THE BRIDGE TO INDIA BLOG
After a long delay, the Ministry of New and Renewable Energy (MNRE) has finally received a budgetary allocation to go ahead with sanction of 30% capital subsidy for a 25 MW rooftop solar capacity under the Central Financial Assistance (CFA) scheme (refer). This allocation has been deferred for a considerable time period, leading to adverse impact on the sector. Since there is already enough back-log of projects to be sanctioned, new projects are unlikely to get any sanctions.
- Due to budgetary constraints MNRE has reduced the maiximum project size to 100kWp
- The restricted availability of subsidies, reduces effectiveness of the subsidy process
- Industry stakeholders believe that the subsidy mechanism in its current form is doing more harm than good
Mr. Tarun Kapoor, Joint Secretary for the Ministry of New and Renewable Energy (MNRE) announced at a conference last week that India might look at following Germany’s lead by going ahead with fixed Feed-in Tariffs (FiT) as opposed to the current system of reverse auctions. The government is considering this in order to rapidly expand India’s solar program.
- The FiT based approach may result in cutting down project development cycle
- MNRE needs to specificy clear criterions to lend transparency and certainty to the market
- A location adjusted FiT structure may ensure a wider spread of solar projects across the country
Going from a nascent market with a mere 22 MW of total installed PV capacity in 2011 to over 2.5 GW in 2014, the Indian solar market has held up to its promise for being one of the most exhilarating markets. This has been achieved largely due to the flagship JNNSM scheme of the Indian government as well as state policy driven projects. India added 171 MW of PV capacity in the last quarter, taking the total installed capacity for utility scale, grid-connected PV to 2523 MW (as of 18th June, 2014). In-depth details, data and analysis is available in our latest edition of the India Solar Compass (July 2014 edition) here.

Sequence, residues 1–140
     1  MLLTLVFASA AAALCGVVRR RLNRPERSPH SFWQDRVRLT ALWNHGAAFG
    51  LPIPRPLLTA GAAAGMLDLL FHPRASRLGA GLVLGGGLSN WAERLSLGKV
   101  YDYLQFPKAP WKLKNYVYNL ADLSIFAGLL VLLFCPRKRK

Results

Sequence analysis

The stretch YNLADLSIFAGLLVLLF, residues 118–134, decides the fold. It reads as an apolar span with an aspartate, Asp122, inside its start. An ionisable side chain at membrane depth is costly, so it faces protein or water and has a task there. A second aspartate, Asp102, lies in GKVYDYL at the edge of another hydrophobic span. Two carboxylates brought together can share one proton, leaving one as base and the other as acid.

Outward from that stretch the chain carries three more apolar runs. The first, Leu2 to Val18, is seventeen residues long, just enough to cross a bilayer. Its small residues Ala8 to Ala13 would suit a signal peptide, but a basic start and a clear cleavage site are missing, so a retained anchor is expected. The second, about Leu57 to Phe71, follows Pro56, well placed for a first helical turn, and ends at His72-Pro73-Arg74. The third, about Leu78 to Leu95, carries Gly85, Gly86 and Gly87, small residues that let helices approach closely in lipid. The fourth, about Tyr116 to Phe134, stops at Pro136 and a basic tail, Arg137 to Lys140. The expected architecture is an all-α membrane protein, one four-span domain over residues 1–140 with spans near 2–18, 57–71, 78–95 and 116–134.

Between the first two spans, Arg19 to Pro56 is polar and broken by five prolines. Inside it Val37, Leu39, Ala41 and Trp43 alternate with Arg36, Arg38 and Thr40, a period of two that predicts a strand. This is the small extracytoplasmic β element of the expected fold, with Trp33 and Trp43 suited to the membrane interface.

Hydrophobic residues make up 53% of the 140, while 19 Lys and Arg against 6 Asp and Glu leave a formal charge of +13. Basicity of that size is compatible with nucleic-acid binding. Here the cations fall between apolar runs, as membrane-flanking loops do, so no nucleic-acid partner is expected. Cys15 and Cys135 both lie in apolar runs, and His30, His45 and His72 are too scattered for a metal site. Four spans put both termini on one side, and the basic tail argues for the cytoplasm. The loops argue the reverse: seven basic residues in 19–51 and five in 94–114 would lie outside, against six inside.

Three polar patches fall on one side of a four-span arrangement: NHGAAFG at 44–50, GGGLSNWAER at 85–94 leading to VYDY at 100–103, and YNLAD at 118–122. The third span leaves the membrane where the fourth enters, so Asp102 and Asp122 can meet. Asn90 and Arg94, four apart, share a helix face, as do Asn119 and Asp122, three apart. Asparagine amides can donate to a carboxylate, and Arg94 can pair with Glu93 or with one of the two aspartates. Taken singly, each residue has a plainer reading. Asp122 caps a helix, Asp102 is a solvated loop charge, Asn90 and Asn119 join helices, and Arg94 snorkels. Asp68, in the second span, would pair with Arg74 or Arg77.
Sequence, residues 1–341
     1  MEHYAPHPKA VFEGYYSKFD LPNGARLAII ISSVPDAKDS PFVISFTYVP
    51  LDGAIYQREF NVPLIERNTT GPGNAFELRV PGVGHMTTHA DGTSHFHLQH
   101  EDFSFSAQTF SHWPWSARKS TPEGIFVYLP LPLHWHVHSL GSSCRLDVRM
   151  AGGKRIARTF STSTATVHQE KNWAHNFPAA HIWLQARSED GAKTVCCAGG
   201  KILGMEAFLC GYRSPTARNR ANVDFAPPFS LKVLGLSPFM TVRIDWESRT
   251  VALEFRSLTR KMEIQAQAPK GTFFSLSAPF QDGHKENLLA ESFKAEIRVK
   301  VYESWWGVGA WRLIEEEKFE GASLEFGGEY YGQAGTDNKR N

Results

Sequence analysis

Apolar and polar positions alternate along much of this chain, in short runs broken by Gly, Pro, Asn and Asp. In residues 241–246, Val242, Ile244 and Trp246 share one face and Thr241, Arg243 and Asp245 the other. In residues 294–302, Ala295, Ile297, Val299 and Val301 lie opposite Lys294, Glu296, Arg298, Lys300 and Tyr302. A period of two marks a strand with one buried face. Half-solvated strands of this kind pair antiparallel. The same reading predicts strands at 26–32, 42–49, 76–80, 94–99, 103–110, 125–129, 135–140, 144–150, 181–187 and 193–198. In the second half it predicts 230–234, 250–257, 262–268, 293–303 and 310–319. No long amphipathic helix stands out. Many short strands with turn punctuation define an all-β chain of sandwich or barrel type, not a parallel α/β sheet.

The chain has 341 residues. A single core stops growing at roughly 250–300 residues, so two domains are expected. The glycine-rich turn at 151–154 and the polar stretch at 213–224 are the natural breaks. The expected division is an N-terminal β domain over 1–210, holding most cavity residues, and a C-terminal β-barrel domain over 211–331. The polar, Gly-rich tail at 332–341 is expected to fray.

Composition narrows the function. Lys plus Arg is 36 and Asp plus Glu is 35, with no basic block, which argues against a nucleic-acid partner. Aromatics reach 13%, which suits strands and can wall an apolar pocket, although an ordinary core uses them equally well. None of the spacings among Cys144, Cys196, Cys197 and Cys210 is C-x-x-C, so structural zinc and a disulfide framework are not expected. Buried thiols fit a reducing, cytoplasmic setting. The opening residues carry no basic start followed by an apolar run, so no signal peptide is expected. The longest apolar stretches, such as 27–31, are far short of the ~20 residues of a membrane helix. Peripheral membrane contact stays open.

- India added much lesser solar capacity in FY 2013-14 as compared to FY 2012-13
- The difference can be attributed mainly to absence of capacity addition under JNNSM during the last year
- However, the non-policy market gained momentum and a capacity of around 300 MW was added outside of policy-driven feed-in-tariffs in the last four quarters
The participants of the training were a mix of a retired homeowner, an entrepreneur, an investment banker and a former political consultant and many others from this field of work, all these people got together for one purpose – a desire to gain strong technical capabilities to design grid-connected solar systems and update themselves on the latest MNRE schemes. The training was fairly straightforward, easy to grasp, and did not require any advance engineering knowledge. With an energetic and interactive group of 12 students and an equally patient and knowledgeable pair of trainers, the stage was set for an enlightening and refreshing 3-day course.
- Training featured a diverse group of professionals and consumers